Wellington has had two of the largest quakes the city has seen in many years. The first occurred on Sunday at just past 7am whilst we sat eating breakfast around the dining room table. It started with a large jolt, at which point we all stared at each other for a few seconds and then when the walls started to shake and the floor began to rumble we dived under the table, along with the dog.
We huddled together clinging to the table legs for a good 30 seconds whilst the dog merrily wiggled between us. I think he was probably wondering what on earth we were all doing getting down to his eye level for once.
The morning quake, although a bit worrying did not feel that scary. It was the one that occurred after five that evening which really shook me up. Quite literally. I was not at home when it occurred and was sitting around a dining room table chatting to four other adults, in an unfamiliar house. When the ground began to shake beneath us we all looked at one another and someone shouted "get in a doorway". So we all ran to the same doorway and tried to squeeze in together. It was a new build, open plan house, which didn't appear to have many doorways!
When the shaking subsided twenty seconds later I think all our nerves were a little unsettled. We all immediately tried to ring our respective houses and had trouble getting through as everyone in the Wellington region desperately tried to check loved ones were okay.
My other half and the kids had once again all dived under the dining room table but they all seemed unfazed when I finally got through to them. They were more upset that there movie had been rudely interrupted.
The Wellington region has luckily been largely undamaged by the earthquake which had a larger magnitude than the deadly Christchurch event. Wellington city is eerily quiet today and many people who work in the CBD are working from home like my other half. Buildings in the CBD have been damaged and the fallen masonry and cracked roads pictured in all the news bulletins does bring it home just what powerful forces we are dealing with.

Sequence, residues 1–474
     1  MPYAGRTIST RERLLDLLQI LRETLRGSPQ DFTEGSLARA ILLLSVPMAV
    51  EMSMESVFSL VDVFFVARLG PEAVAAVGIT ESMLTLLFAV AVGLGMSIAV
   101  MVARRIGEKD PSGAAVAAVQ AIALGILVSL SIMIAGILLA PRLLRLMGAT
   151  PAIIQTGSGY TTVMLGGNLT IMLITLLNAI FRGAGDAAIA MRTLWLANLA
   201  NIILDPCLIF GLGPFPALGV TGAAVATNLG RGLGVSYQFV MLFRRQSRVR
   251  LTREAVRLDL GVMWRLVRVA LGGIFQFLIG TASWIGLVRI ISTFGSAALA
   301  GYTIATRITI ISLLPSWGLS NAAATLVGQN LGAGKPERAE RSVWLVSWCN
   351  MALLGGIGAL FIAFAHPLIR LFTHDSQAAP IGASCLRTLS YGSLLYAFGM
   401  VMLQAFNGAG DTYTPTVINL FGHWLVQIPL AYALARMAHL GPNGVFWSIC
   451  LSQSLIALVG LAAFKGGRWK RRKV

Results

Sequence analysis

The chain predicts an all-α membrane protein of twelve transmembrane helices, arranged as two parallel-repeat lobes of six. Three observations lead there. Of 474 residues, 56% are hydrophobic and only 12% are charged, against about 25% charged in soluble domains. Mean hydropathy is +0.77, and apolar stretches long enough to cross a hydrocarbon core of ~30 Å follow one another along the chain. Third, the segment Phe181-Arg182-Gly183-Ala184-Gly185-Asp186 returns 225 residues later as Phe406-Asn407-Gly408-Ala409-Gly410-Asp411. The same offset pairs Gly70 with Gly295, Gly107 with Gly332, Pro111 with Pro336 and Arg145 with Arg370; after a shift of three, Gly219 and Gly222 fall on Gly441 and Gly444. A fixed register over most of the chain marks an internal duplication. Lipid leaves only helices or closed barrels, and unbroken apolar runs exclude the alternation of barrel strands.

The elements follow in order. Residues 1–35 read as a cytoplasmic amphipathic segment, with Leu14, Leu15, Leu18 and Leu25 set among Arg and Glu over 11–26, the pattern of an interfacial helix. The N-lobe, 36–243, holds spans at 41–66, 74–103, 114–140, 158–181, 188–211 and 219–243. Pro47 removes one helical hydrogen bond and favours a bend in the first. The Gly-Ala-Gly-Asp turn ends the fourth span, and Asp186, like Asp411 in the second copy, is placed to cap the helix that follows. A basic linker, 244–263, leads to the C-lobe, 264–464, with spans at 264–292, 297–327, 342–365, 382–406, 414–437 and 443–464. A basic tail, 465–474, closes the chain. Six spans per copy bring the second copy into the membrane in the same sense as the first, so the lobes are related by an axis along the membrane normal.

I think the emotional toll of this event is going to have more impact than any of the physical damage caused. Wellingtonians are a resilient bunch but people I have met today are still pretty shaken up. Everyone who lives in this region is fully aware we live with an active earthquake risk, but this event has forced people to face exactly how big and how likely that risk is.
I popped to the supermarket this morning and almost all the bottled water had sold out. According to the chatty checkout lady they had sold thousands in emergency kit and water supplies in the few hours they had been open. This was mentioned as I placed my six litres of bottled water on the checkout.
Discussing yesterdays event with my girls I asked them were they happy still living in New Zealand even with the scary earthquakes. My eldest had no hesitation in saying that the earthquakes were not that scary anyway and she definitely still wanted to live here. My youngest looked at me and was obviously thinking deeply. "I want to live with Nan and Grandad" she announced. "What you don't like New Zealand anymore" I said rather worried that she had been shaken up by the days events. "No I just want to live with Nan and Grandad and all my family, they can live in my room with me". Phew, clearly six year olds aren't that bothered by major earth movements.